Fred Moten, in his essay, “the plan,” offers a personal insight into the high stakes gambit that is language. His work, and the necessary collective of saints and demons who complement this work, to communicate with and accommodate the needs of his son (who is on the autism spectrum) demonstrate both how precious human expression is and how risky it is to rely on its prescribed or “normal” modes. For Moten, every legible sentiment is an “incalculable gift,” a triumphal overlapping of a linguistic venn diagram constantly in-flux. In turn, every miss, every inscrutable silence or unpredictable lingual barrage is perceived as a “loss”, felt as a deficit in their mutual understanding and a lack of what should/could/might be known between them. Those “loss[es],” the heart ships passing unknown and unannounced, are, at the end of the day, immaterial. Lorenzo is Fred Moten’s son and he is his father. There is no limit to the energy expended or attempts made to bridge the gap between expression and understanding, call and response. To navigate a spontaneously alternating excess and absence of language, Moten conscripts an army. Trained and untrained, saints and un-saints, trial and error, a parent employs the ear, heart, and acumen of the collective to build a language functional enough for both of them–assemble a bouquet from all the flowers they can find.
Moten deftly applies this approach to his study of ZONG!. With the “big kids,” he engages with the text of ZONG! very similarly to how he engages with the students at his son’s kindergarten. Crucial to and implicit in both endeavors is that no matter the difficulty–the “complex and abstract” quality–or the infrequency of the flowers for the woods, the communication is essential and not only demands but deserves your effort and energy. It needs to be understood as much as you need to understand it. Once that principle is doubtless, in both cases you will need help. For his son, Moten committed himself to the thankless task of researching and identifying the people and institutions that would be best for his son’s development and their family’s needs. For Zong!, Moten welcomes the scholars, critics, and students that will help to illuminate the text. In both cases, care must be taken not to compromise the properties and peculiarities (no matter how inconvenient according to Western/normative literary/social standards) that make these voices their own. One must also be willing to do the work within oneself, to not get stuck in any “loss” or the expectation of what could have been, but to understand the method of communication as “the woods..where the flowers grow.” Discipline, sharp senses, and faith are required.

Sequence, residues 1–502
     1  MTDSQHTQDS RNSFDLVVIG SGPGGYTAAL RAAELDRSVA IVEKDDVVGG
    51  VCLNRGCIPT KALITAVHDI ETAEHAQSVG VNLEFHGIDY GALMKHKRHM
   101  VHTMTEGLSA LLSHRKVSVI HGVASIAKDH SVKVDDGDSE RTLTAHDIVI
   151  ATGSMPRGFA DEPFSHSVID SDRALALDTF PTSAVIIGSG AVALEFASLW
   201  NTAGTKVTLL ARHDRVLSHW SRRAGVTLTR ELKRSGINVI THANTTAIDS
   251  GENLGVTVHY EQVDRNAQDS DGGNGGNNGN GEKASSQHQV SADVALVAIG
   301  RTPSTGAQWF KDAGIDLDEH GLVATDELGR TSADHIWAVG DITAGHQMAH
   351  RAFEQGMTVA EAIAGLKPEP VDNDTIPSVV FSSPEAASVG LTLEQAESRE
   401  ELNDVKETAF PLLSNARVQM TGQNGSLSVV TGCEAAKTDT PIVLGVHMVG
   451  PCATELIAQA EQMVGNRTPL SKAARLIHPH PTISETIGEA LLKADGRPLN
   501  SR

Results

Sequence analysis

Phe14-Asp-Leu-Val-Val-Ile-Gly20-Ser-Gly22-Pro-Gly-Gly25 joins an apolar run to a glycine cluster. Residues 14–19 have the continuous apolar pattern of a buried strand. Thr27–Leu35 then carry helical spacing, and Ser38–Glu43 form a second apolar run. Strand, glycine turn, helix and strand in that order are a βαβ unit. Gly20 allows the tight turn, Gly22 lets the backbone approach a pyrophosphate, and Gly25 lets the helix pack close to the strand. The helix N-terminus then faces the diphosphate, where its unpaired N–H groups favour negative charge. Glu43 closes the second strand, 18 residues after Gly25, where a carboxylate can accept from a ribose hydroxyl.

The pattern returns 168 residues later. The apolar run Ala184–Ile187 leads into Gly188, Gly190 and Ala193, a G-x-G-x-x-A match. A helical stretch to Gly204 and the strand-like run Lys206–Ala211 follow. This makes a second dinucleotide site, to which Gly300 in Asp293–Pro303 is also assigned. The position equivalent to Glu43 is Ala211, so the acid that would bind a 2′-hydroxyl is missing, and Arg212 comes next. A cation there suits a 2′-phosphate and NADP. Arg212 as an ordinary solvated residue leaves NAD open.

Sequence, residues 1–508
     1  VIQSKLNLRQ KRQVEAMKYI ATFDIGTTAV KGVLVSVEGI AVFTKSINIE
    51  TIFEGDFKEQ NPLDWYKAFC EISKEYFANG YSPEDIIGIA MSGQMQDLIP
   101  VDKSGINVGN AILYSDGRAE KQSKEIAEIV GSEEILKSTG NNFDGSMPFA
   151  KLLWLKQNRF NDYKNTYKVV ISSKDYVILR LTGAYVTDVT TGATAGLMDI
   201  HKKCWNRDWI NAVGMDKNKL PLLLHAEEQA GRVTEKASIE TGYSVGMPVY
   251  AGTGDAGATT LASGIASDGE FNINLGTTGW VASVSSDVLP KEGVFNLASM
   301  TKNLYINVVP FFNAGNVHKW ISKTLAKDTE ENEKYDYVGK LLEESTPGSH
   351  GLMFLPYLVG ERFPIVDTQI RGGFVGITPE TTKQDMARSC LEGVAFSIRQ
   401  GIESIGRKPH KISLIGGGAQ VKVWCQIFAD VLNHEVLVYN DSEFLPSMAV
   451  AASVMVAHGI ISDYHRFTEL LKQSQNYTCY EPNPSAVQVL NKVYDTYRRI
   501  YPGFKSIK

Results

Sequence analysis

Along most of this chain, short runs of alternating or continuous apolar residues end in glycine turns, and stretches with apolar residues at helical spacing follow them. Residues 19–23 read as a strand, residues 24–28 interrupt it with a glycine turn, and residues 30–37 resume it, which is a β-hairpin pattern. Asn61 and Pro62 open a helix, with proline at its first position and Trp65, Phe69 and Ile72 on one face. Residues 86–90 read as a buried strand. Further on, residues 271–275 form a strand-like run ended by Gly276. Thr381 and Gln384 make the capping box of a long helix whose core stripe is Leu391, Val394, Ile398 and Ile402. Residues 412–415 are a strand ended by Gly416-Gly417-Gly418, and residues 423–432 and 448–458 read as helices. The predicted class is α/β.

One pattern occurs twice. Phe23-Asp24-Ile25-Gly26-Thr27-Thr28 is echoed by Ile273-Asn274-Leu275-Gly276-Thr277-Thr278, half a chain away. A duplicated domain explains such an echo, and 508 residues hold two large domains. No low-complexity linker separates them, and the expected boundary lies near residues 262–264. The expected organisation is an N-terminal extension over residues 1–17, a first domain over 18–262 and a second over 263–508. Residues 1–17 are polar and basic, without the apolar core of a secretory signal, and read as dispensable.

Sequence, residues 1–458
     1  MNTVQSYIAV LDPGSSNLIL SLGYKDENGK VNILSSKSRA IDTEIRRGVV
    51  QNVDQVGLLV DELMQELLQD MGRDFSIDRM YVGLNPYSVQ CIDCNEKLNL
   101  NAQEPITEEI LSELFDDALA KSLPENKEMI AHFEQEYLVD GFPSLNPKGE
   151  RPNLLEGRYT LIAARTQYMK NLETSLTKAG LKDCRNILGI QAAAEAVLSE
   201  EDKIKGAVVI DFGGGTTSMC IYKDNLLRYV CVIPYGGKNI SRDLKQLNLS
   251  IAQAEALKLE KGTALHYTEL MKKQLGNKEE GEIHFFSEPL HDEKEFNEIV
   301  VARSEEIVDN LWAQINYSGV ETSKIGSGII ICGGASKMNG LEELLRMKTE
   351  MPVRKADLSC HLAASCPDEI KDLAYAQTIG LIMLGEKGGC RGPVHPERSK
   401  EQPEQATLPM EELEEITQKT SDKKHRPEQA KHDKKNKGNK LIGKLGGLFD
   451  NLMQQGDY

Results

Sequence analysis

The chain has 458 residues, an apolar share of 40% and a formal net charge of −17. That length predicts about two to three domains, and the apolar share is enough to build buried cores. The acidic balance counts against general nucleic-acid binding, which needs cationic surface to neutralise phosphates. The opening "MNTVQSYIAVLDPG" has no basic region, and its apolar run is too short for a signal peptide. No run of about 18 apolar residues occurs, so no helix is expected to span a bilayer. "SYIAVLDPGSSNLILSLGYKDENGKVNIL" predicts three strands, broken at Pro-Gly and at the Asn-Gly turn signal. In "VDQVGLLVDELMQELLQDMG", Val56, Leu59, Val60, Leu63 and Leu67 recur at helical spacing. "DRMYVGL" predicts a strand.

In her essay “Interview with an Empire,” M. Nourbese Philip laments that “ far too many of us still take language for granted.” In Zong!, she won’t let us. Moten confronts the visceral significance of communicating through language–and the innumerable pitfalls, shortcomings, and injustices therein–with his son. When miscommunication and illegibility are an almost certain risk, each utterance and each silence take on a new, individual weight. ZONG! issues the reader a similar task. We have to work. We have to listen to the multiple voices through multiple ears, and navigate the hydrodynamic disjunction of her choral verses and vegetative silences armed with context as a compass and empathy as a star. We supplement, we listen, we assume discomfort, we mourn, we mourn. Such is the “hard, sweet life of language.” Such is life with no protection from it.